Tonight my racism chase takes me to Mississippi. It is a state whose history is steeped in bigotry and racism, and a place where they obviously have a long way to go before they can say that they have arrived in the 21st Century.
"A judge in central Mississippi slapped a young black man in the back of the head and yelled 'Run, n----r, run,' the teen’s parents claim in a police report.
The allegations against Madison County Justice Court judge Bill Weisenberger, who is white, will be weighed by a grand jury.
'“This is 2014,' said former Canton mayor William Truly, who now heads the local NAACP, according to The Clarion-Ledger. (It’s) 'not 1960, where someone could slap a young man and call out “run n-----, run.'
Weisenberger was moonlighting as a security officer at the Canton Flea Market when the incident allegedly occurred two weeks ago.
Eric Rivers, 20, was asking for work at the open-air market when Weisenberger accosted him, the young man’s parents said in their complaint.
Truly demanded that Weisenberger step down at a news conference on Friday.
'No citizen should have to face justice before a judge who holds such a high degree of racial animus and hatred,' he said.
Flea market vendor Cathy Hendrix told the newspaper she and others routinely rely on locals who help unload goods."
My first thought is that they don't pay judges too well in Mississippi if the guy is moonlighting as a security guard at a flea market.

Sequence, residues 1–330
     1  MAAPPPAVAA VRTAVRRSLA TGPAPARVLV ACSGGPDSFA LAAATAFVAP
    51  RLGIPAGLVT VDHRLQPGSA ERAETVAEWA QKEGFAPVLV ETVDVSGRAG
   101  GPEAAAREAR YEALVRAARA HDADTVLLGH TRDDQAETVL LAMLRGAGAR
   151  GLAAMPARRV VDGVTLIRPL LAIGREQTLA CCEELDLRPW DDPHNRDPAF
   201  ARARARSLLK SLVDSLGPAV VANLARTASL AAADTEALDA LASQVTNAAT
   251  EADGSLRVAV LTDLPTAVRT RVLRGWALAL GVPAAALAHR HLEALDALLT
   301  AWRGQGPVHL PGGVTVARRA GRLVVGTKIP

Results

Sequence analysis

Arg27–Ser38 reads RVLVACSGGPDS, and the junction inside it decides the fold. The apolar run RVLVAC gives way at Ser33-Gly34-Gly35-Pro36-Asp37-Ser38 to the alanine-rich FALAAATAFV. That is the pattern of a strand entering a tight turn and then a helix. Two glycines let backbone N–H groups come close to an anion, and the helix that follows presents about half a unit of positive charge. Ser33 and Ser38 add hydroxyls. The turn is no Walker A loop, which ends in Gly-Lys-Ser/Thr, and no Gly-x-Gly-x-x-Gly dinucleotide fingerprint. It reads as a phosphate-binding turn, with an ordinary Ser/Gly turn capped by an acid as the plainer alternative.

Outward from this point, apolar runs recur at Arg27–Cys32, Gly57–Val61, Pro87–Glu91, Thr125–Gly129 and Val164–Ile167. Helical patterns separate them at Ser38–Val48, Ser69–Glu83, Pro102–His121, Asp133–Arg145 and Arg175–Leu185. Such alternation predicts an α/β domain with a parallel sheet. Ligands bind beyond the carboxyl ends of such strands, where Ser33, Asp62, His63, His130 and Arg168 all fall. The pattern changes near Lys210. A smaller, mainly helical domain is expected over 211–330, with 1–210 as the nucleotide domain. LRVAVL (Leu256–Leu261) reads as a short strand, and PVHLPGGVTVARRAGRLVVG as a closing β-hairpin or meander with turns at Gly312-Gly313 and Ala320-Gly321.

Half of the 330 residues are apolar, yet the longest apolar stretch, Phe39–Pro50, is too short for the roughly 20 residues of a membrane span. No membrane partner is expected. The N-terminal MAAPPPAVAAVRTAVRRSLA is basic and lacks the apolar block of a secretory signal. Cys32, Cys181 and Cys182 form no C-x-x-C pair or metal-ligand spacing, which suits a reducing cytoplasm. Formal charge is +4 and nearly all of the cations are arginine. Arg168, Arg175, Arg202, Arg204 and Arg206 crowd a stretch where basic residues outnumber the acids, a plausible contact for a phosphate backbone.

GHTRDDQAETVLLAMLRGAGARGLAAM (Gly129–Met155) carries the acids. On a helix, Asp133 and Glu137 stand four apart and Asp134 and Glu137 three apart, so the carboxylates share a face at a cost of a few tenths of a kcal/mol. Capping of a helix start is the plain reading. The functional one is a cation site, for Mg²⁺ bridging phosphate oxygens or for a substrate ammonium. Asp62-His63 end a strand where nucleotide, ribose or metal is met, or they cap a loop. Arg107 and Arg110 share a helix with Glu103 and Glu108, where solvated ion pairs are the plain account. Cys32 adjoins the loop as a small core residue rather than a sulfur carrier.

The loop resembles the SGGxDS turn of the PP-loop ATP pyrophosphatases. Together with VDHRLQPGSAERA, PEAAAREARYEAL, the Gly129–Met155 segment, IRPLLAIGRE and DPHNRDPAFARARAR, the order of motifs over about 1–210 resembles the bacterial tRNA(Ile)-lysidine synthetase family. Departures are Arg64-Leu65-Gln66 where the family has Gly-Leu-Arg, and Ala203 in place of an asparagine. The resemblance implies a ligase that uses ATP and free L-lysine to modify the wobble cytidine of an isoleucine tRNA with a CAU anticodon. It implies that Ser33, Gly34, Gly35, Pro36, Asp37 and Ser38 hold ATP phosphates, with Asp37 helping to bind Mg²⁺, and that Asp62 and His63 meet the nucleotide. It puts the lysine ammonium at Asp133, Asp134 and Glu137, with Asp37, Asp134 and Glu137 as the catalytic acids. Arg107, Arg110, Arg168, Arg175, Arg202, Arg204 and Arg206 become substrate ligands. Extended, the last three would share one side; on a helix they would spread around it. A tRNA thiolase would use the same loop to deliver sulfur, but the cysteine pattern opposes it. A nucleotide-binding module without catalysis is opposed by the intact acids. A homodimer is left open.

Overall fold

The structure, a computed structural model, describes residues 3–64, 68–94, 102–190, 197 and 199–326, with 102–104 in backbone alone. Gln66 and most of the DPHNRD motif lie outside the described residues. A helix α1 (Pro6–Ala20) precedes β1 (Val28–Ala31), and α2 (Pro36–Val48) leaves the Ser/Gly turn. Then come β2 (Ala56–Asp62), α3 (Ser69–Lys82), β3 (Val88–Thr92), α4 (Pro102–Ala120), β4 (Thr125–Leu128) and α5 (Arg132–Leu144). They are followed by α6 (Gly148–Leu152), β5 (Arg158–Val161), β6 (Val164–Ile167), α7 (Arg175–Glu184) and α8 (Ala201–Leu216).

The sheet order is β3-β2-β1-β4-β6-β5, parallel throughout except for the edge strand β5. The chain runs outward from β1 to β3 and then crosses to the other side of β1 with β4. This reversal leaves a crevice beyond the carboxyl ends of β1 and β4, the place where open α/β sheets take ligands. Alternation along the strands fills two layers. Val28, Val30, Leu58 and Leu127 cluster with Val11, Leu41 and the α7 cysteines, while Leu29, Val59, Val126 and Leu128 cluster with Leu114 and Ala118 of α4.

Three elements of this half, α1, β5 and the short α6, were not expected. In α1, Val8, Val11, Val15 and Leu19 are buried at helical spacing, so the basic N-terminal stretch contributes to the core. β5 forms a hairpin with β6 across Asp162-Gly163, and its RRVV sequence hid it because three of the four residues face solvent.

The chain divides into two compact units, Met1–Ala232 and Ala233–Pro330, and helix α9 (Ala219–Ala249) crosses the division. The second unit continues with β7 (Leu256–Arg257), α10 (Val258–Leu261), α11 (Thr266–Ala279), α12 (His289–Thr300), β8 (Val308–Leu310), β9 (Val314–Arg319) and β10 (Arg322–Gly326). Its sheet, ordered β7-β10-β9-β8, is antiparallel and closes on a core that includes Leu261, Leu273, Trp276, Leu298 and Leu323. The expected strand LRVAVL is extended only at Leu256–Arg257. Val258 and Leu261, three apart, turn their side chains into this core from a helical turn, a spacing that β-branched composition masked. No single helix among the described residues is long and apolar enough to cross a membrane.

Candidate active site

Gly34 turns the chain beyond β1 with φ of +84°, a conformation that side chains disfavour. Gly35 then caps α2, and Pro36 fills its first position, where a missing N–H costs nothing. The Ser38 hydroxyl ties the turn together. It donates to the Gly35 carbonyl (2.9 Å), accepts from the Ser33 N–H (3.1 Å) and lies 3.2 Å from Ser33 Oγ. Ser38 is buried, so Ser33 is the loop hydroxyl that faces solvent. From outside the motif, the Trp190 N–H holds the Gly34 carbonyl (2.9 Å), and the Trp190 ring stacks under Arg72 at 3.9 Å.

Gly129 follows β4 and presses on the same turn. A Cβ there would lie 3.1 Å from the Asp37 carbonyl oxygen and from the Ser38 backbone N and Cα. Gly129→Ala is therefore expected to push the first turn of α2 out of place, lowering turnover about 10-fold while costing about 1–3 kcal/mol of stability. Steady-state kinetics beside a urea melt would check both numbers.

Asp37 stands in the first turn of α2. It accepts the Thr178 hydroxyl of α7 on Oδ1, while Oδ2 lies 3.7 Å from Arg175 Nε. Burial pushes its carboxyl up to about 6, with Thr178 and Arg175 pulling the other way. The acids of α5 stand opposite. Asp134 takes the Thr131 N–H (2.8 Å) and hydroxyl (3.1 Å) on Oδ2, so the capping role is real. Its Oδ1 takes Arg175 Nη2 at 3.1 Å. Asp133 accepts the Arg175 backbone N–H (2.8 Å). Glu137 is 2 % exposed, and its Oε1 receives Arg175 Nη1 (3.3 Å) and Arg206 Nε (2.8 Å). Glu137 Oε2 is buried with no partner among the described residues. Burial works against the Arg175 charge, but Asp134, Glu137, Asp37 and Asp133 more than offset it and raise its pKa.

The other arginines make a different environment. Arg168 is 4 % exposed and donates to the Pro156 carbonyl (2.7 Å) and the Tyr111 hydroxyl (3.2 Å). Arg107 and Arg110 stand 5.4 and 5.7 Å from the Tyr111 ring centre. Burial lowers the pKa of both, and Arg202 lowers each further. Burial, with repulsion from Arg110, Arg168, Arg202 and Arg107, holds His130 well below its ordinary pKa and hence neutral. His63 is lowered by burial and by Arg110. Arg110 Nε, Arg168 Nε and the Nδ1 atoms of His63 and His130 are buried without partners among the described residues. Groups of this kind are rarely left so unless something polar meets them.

My second thought is that this poor young man was actually looking for work which is what we always encourage young people to do in this country.
A young black man can't win for losing in Mississippi.
Finally, I will stay in the state of Mississippi for my next story.
There is dirty politics and there is really dirty and low down politics. It looks like in Mississippi the Tea Party folks like their politics really low down and really dirty. This one has even the folks in Chicago and Louisiana shaking their heads.
"Three more people have arrested in connection with the photographing of U.S. Sen. Thad Cochran's (R-MS) wife, Rose, who is a patient in a Madison, Mississippi nursing home.
Mark Mayfield (pictured right), a member of the board of directors for the Central Mississippi Tea Party, was arrested Thursday, according to the Clarion Ledger of Mississippi.
At around 2:34 PM EDT Clarion-Ledger editor Sam Hall tweeted that the second arrest on Thursday in connection to the "Constitutional Clayton" photographing case was Richard Sager of Laurel.
A little more than an hour later The Clarion Ledger reported that a third suspect, John Mary (pictured above) was charged for conspiracy in connection to Kelly. Police confirmed later in the day that Mary had been arrested but then "his own recognizance due to extensive medical conditions after consulting with his attorney and the Madison/Rankin County District Attorney’s Office."
...Kelly supports state Sen. Chris McDaniel, Cochran's tea party primary challenger. Mayfield appears to be a McDaniel supporter as well and, according to the Clarion Ledger's Sam Hall, contributed $500 to McDaniel and served as an active volunteer on his campaign.
Authorities claim Kelly photographed Rose Cochran at St. Catherine's nursing home in Madison, where she is bedridden and suffering from progressive dementia. Kelly, a political blogger and McDaniel supporter, allegedly used the photo in a video he posted online." [Source]
So three people are arrested for going into a nursing home and taking pictures of a political opponent's bed ridden and dying wife and later posting her pictures on the Internet. The story is as sick and twisted as it sounds.
Then, to make it worse, the person who is the center of this entire mess did a horrible job of trying to explain himself and his campaign's ignorance of the whole matter.
Mississippi isn't burning, but sometimes we sure wish that it would.